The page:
As a young-adult fiction writer and professor at Boston University’s School of Journalism, Phyllis Karas wouldn’t seem to have much of an edge in tracking down Whitey Bulger, the Boston mobster and America’s Most Wanted mainstay who was captured by the Feds on June 22. But Karas and her collaborator, Kevin Weeks — Bulger’s longtime second-in-command — published a remarkably well-timed book, Where’s Whitey, just days before Bulger got nabbed.
She spoke to New York about Bulger, who pled
guilty not guilty to nineteen murders on Wednesday in Boston, and his love affair with Catherine Greigs, who joined him on the lam.
How did you start writing with gangsters, and about gangsters?
My agent said someone who looked like a leg-breaker had just walked in with a manuscript. I thought a leg-breaker was an orthopedic surgeon! I ended up writing the book Street Soldier: My Life as an Enforcer for Whitey Bulger and the Boston Irish Mob with Eddie MacKenzie. The book did quite nicely, and three months after it came out, I got a call from a group of lawyers who wanted to discuss a deal. I met with these guys in an “undisclosed location” — it was all so hush-hush. They were working with Kevin Weeks, who was Whitey Bulger’s second-in-command for 25 years. He was in jail for participating in four murders and countless other crimes, and he was about to be released. The deal was, Kevin would tell his story to me, I’d write the book, and 50 percent of his proceeds would go to the families of his victims. God love the bankruptcy lawyers.
So Kevin, who had lived a violent life to say the least, was essentially being forced to cooperate with you?
Kevin despised the idea. He lived his whole life under the cloak of darkness, he hated Street Soldier, he hated Eddie MacKenzie. I was practically in the middle of a war myself. Writing the book [Brutal: The Untold Story of My Life Inside Whitey Bulger’s Irish Mob] with Kevin was brutal, the hardest thing I’ve ever done. He would get furious with me when I got details wrong. It was scary. But as soon as the last page was written, we got to be friends. He’s a real quiet person now. His girlfriend and I take long walks together on the beach. It sounds absurd, but I really like the man.
What was your first thought when you heard the news about Whitey being found?
Someone saw him in Santa Monica reading a book and I thought, my God, was that my book?
Would you get updates about Whitey while he was still on the run?
Before we began writing the book, while Jimmy was on the run, Kevin saw him five times. Once in New York, they were lost looking for a restaurant, and Jimmy asked a New York policeman for directions! One of the last times they were together, in Chicago, Jimmy told Kevin, “If anything ever comes down, put it on me.”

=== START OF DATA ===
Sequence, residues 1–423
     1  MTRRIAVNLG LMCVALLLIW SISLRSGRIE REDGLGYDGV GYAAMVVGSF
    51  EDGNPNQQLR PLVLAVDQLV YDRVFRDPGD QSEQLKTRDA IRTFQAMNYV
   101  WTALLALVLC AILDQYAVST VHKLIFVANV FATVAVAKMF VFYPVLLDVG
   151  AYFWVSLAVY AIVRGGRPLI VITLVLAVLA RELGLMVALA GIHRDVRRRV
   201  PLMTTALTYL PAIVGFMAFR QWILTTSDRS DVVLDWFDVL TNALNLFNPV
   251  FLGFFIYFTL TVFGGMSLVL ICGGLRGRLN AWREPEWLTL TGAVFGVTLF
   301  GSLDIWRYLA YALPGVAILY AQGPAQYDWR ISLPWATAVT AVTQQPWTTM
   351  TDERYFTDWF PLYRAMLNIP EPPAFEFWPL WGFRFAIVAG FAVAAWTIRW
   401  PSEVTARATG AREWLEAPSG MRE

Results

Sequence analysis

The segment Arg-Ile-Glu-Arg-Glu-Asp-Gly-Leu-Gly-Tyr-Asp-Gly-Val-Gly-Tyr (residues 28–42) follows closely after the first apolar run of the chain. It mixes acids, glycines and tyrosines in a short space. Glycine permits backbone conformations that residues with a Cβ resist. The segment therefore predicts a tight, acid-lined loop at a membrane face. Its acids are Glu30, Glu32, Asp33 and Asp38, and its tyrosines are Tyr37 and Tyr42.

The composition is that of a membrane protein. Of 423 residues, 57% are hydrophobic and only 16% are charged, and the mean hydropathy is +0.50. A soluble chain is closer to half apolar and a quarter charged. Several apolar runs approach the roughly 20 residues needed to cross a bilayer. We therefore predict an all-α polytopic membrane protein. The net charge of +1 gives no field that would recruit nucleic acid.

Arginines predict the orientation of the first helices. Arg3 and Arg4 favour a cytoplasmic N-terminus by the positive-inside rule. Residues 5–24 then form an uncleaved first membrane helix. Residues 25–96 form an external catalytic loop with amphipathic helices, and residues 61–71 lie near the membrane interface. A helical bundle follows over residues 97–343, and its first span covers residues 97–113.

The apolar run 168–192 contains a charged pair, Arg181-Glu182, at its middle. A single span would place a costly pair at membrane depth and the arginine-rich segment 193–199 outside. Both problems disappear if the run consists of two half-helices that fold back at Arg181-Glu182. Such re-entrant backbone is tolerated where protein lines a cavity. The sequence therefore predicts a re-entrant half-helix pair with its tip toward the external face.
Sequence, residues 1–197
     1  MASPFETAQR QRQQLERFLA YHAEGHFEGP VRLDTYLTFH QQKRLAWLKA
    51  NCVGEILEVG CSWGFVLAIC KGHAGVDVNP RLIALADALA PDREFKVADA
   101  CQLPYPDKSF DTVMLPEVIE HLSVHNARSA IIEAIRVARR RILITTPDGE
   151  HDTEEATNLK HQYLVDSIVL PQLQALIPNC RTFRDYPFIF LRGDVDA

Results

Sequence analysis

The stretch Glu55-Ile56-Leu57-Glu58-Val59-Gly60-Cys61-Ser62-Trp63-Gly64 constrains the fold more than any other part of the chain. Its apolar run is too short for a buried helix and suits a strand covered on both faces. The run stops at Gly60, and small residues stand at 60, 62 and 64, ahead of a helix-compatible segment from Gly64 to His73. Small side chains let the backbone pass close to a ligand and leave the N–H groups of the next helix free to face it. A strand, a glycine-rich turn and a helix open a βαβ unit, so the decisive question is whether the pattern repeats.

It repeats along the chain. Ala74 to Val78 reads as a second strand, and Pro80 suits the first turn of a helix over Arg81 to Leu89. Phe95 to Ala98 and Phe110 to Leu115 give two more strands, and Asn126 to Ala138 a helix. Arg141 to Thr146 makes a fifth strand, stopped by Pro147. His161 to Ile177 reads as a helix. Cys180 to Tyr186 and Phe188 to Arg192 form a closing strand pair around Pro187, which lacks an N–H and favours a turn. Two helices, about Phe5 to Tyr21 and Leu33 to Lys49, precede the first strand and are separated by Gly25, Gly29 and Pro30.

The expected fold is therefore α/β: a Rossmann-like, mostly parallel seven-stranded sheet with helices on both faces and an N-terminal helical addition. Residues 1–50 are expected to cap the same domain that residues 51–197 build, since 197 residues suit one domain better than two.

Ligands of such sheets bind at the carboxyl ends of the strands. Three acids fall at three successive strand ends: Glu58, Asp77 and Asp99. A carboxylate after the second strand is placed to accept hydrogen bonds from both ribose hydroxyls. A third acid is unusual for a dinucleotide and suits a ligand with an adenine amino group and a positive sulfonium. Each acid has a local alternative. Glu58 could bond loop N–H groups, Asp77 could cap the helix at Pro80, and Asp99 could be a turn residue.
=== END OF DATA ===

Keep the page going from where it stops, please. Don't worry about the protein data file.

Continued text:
What do you know about Catherine Greig, who was in hiding with Bulger and whose taste for plastic surgery and dental work may have led the cops to their door?
Kevin speaks very highly of her: kind, warm, smart, loyal, tough as steel. She wasn’t the first woman that Jimmy took with him. Theresa Stanley, who went with him first, wasn’t cut out for life on the run. Kevin brought Cathy to Jimmy, and that was sixteen years ago.
What’s your favorite Whitey story?
I love the night he met up again with Cathy. He went to this park in Dorchester called Malibu Beach, if you can believe it. Kevin comes out of the car with Cathy, and Whitey strolls out of the darkness, dark clothes, dark hat. They get in the car, Whitey’s driving, Kevin’s in the passenger seat, Cathy’s in the back, they drive around South Boston for an hour, talking. Then Kevin gets out of the car and Whitey and Cathy drive off.
What will you do with Where’s Whitey?, which is a lightly fictionalized book that has Whitey Bulger as a character, now that he’s been found?
We were thinking of changing it to Where Was Whitey?, but that’s too complicated with all the publicity for the present title. In the book, Joey Donahue — everyone is going to say it’s Kevin Weeks — is released from prison and is forced to go look for Whitey Bulger. A lot of what we write about could easily have happened during those sixteen years he was on the run. We’ll only have to change a single line: the last one. The book ends with a murder. Cathy is worried that Whitey saw her, that she saw this murder. They get into the car, she doesn’t know if she’s going to live or die, and they start to drive off. She says, “Where are we going now, Jimmy?” and he says, “Anywhere you want, baby.”
We want to change it to “Time to go back to California, baby.”
This interview has been condensed and edited for clarity.
Editor’s note: This article was originally published with a photo of William Bulger, the brother of James “Whitey” Bulger.